Abstract

Abstract 2658

Poster Board II-634

Adhesion of AML blasts within the bone marrow microenvironment confers chemotherapy resistance. CXCR4 plays a primary role in the retention of stem cells within the marrow, and is associated with poor prognosis in AML (Rombouts et al Blood 104:550, 2004, Konoplev et al Cancer 109:1152, 2007; Spoo et al Blood 109:786, 2007). A CXCR4 inhibitor enhanced chemotherapy cytotoxicity for human AML cells on stroma (Zeng et al Mol Cancer Ther 5:3113, 2006). VLA4 expression is also correlated with prognosis in AML, and our group and others have shown that disruption of VLA4 enhances chemotherapy cytotoxicity (Matsunaga et al Nat Med 9:1158, 2003; Becker et al Blood 113:866, 2009). However, given the number of potential ligands and receptors involved in the interaction of leukemia cells within the bone marrow stroma, there are likely other important binding sites. Fundamental to determining mechanisms to overcome drug resistance will be identification of all critical interactions responsible for retention and/or adhesion to the bone marrow stroma. We therefore sought to fully characterize all potential adhesive interactions utilized by AML blasts. We also examined the leukemia stem cell population, the small number of leukemia cells that are able to sustain and perpetuate the leukemia. We have now defined the adhesion receptor expression pattern (18 receptors) for populations of AML blasts, including circulating vs. marrow, and putative stem cell populations as defined by surface markers. Bone marrow and peripheral blood samples have been obtained at presentation for a total of 38 patients with AML. We performed flow cytometry analysis, gating on sequential populations of cells by forward scatter/side scatter, CD45 vs. side scatter, CD34+, or CD34+/CD38-/CD123+ populations. Expression levels were measured by percent of positive cells (%EXPR) and mean fluorescence intensity (MFI). Our analysis of adhesion receptor expression by AML blasts revealed that some receptors were expressed by 85%–92% of blasts, including CD11a, CD29, CD44, CD49d, CD49e, CD31; some were expressed by <5%, including CD49a, CD49c, CD106; and others exhibited moderate expression 18–62%, such as L-selectin, ICAM-1, CXCR4, CD49f. For a given patient, there was no significant correlation between CXCR4 % EXPR or MFI and expression of other receptors, such as CD49d, CD49f, or CD29. However, there was significant positive correlation (by Spearman rank order correlation) between %EXPR on marrow vs. circulating blasts from the same patient for CD29 [p=.01], CD11a (LFA-1) [p=.004], CXCR4 [p=.03], CD31 (PECAM-1) [p=.03], L-selectin [p=.007], CD44 [p=.04], while others were different, including CD49d [p=.41], CD49e [p=.08], and CD29f [p=.17] (all two-sided p values). When comparing the whole CD34+ population to the CD34+CD38-CD123+ population, there was no significant difference in MFI for the receptors CD29, CD44, or CD49f, but the MFI of CD49d and CD49e was significantly lower on the more primitive (stem) cells [p=0.003 for each ]. When we examined the CD34+/CD38-/CD123+ population isolated by sequential CD38 depletion then CD34 selection, and gated on CD123+ cells, we found uniform high percent expression >90% for CD49d, CD49f, CD44, and the percent expression of CD49f was also lower for the primitive cells in some patients. Thus, there are several adhesion receptors expressed at high level that may contribute to biological behavior and chemotherapy resistance. Overcoming chemoresistance in leukemia stem cells may require targeting of multiple receptors in order to achieve a clinical response.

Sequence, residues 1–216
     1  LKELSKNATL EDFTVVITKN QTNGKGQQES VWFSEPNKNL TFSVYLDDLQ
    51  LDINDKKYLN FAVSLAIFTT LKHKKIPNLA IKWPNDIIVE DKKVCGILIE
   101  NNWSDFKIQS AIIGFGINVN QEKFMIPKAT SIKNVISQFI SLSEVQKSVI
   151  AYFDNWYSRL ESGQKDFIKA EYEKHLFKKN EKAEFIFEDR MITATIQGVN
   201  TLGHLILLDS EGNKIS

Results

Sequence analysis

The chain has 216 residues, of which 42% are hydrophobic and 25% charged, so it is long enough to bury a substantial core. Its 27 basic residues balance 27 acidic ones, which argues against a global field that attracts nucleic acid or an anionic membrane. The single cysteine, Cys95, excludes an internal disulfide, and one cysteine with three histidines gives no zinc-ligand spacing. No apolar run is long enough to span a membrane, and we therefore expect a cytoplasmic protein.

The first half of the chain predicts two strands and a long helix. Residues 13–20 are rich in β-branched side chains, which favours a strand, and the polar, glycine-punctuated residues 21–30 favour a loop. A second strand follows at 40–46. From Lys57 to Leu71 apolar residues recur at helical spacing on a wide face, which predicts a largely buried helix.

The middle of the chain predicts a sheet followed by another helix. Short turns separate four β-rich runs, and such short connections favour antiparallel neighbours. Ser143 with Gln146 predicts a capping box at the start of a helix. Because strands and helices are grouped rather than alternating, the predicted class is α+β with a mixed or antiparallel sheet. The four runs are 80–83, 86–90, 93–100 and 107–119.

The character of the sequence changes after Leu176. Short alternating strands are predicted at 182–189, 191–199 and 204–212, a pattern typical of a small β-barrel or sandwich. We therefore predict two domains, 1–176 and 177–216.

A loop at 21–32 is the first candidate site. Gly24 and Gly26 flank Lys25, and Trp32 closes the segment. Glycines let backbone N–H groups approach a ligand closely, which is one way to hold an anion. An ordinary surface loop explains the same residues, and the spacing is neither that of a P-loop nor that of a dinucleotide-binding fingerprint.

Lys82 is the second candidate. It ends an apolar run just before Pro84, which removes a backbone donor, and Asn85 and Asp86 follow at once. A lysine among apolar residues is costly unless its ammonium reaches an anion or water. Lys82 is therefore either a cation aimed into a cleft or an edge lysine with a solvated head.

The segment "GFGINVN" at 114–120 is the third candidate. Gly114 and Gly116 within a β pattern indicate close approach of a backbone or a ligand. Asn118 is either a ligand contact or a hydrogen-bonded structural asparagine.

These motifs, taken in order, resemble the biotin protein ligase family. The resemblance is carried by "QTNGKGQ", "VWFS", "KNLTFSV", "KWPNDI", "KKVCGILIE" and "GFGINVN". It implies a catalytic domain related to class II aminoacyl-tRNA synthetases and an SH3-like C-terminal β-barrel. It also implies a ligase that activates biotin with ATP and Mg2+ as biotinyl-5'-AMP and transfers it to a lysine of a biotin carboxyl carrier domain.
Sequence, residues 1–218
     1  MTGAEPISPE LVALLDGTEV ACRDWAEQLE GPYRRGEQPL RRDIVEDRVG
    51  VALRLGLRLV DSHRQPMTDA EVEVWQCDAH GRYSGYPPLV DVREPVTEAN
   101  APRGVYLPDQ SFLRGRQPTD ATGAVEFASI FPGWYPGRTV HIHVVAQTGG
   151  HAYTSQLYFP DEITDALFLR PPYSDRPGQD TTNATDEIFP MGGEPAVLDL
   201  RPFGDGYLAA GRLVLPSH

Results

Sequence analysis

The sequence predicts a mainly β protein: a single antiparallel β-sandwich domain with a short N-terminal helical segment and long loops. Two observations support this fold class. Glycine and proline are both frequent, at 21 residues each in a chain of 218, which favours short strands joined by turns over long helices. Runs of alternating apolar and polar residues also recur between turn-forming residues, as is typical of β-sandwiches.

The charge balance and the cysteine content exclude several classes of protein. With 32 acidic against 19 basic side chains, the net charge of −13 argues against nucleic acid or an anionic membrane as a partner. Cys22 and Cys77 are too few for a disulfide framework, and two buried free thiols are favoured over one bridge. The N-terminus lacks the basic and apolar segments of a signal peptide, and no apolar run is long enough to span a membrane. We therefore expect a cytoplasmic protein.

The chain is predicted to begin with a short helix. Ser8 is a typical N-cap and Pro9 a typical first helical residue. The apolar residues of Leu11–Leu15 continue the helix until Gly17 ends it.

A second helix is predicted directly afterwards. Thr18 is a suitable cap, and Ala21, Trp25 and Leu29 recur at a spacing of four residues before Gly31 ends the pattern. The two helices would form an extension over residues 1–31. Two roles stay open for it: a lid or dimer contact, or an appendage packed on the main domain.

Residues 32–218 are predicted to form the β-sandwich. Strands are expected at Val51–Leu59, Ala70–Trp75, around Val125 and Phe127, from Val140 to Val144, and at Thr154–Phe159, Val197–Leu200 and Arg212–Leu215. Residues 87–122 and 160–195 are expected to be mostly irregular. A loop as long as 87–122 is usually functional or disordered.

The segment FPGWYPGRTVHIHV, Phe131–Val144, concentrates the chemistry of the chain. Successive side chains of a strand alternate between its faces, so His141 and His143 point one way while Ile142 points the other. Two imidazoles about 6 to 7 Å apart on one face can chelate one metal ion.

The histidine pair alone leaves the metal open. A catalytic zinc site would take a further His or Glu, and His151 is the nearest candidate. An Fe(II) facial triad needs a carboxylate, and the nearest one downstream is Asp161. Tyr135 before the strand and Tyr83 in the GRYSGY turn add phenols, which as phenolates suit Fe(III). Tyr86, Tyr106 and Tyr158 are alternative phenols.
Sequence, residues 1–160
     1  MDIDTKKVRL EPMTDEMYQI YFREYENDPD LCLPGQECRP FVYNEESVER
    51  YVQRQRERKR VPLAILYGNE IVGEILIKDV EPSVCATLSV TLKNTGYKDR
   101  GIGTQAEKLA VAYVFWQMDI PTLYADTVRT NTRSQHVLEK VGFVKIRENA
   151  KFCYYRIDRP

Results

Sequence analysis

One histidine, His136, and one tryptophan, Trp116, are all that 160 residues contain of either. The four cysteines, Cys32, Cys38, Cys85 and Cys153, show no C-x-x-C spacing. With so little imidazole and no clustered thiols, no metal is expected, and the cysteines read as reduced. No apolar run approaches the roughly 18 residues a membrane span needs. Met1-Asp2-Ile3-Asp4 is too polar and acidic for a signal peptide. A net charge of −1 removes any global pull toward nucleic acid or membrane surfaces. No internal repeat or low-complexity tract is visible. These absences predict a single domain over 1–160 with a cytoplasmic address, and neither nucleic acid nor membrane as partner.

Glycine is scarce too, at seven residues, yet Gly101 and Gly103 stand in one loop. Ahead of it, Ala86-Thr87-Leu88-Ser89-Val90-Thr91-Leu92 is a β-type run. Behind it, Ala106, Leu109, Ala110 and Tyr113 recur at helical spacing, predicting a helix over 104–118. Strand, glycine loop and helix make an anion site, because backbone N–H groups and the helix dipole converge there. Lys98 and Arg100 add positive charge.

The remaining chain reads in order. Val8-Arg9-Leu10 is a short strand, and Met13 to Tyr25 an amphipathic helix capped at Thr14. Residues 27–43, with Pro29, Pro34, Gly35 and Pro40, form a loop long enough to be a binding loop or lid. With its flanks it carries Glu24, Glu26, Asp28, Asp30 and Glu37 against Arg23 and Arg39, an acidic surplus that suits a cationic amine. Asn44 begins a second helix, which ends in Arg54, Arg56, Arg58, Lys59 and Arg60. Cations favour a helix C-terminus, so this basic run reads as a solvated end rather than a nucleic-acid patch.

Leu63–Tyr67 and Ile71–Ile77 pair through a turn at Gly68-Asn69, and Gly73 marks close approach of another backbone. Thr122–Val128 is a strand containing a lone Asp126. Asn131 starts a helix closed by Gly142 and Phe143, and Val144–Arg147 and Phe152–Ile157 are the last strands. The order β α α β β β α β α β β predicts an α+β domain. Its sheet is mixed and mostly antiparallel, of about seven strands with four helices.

Disclosures:

Becker:Leukemia and Lymphoma Society: Research Funding.

Author notes

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Asterisk with author names denotes non-ASH members.